Impetuously, I decide to follow the crowd as it rushes to discover what is going on. The synagogue is burning and crowds of onlookers chant their approval in cadence with the lapping flames. “Juden sind unser Unglück. Juden Raus, Weg damit!—The Jews are our misfortune, Jews out, get away from here!” they scream, clapping their hands rhythmically.
In a matter of seconds, I see more than enough to grasp exactly what is happening. Yet I stand there, mouth agape, unable to react or move from the scene. My cone of whipped cream falls to the pavement. The cream spreads as fast as the sounds of hatred fill the air.
SB: This is one of the most important passages of the book, not only because here is an eye-witness account of Kristallnacht, but also you can see what real danger they were in by remaining in Germany as long as they did. So much of the book the family is waiting, biding their time—it is easy to forget what serious peril they were in.
YH: I enjoy this chapter for a few reasons. To start with is the simple pleasure of learning tidbits of old German & Jewish popular culture—the coin, the Konditorei and the treats therein. We’re completely drawn into a child’s world of daydreams and innocent pleasures. Then it turns on a penny to a picture of grotesque ugliness. This section, to me, is a metaphor of how some were caught by surprise by the cruelty of the Nazis and the destructive force of their followers—though that is only my interpretation of this real-life scene.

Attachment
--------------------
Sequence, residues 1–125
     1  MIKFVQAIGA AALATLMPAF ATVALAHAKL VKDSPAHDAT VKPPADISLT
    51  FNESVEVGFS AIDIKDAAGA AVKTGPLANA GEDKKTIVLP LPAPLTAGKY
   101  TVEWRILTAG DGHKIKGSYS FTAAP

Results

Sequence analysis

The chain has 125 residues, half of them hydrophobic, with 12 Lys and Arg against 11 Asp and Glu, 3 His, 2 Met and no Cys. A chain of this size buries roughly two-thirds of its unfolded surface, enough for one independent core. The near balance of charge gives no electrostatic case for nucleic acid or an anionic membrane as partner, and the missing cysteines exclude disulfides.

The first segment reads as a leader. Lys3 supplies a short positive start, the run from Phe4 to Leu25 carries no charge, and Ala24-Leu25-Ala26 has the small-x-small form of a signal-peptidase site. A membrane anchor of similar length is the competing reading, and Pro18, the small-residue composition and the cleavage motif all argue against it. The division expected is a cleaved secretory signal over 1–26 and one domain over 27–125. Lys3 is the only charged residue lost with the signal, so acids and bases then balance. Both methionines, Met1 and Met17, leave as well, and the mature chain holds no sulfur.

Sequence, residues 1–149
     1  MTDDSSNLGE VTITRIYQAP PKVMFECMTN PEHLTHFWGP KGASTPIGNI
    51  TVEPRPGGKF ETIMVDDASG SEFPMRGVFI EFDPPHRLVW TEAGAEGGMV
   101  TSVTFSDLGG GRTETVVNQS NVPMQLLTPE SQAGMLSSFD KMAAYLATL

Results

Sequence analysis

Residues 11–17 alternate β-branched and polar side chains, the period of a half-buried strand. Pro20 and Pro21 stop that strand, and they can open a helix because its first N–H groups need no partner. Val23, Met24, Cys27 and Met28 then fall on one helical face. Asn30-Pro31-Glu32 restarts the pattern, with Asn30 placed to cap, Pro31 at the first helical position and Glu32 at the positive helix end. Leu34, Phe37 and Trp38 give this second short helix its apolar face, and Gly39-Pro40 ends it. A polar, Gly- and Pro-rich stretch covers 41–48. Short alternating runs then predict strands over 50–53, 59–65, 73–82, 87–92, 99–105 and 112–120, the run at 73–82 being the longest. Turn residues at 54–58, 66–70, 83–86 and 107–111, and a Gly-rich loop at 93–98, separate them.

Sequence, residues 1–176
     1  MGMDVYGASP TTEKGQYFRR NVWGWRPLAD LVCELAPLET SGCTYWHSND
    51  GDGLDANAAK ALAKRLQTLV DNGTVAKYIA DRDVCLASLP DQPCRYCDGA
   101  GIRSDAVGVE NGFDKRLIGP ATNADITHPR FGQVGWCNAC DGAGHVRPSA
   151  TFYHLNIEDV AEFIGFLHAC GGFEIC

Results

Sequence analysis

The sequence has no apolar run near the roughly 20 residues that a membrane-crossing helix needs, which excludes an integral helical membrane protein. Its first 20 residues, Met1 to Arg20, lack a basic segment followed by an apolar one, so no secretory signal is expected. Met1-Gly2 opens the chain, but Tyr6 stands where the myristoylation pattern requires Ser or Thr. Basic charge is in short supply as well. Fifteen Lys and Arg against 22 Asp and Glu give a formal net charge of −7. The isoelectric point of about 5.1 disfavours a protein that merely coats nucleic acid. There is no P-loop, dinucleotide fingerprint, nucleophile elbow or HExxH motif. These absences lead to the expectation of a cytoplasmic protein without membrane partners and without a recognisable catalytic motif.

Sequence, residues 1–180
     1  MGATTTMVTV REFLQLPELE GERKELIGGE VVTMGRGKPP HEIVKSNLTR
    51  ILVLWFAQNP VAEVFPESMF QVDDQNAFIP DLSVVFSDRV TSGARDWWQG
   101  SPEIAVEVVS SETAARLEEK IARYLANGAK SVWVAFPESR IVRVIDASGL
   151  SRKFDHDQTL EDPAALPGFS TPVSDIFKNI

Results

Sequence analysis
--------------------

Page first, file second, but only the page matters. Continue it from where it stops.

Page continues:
SB: We wanted to include this passage from the chapter “Hidden Cargo” because it is one of the most suspenseful chapters in the book. When we first read Sonia’s manuscript, this entire chapter was just a sentence, mostly because it was so painful and intense that Sonia herself had trouble letting the memories come to the surface. We interviewed her for hours to get all the details to recreate the scene, trying all the time to be as careful as we could.
Here Sonia and her brother Heini, aged 8 and 10 at this point, have been hidden in a smuggler’s van and dropped off 40 km from the German-Belgian border, and instructed to walk along the railroad tracks until morning. (This was mid-June 1939, before Belgium fell under Nazi occupation.) The only other advice given to these two kids are to not say a word and hide themselves whenever they hear a train approaching. They are told to “pretend that they are dead.”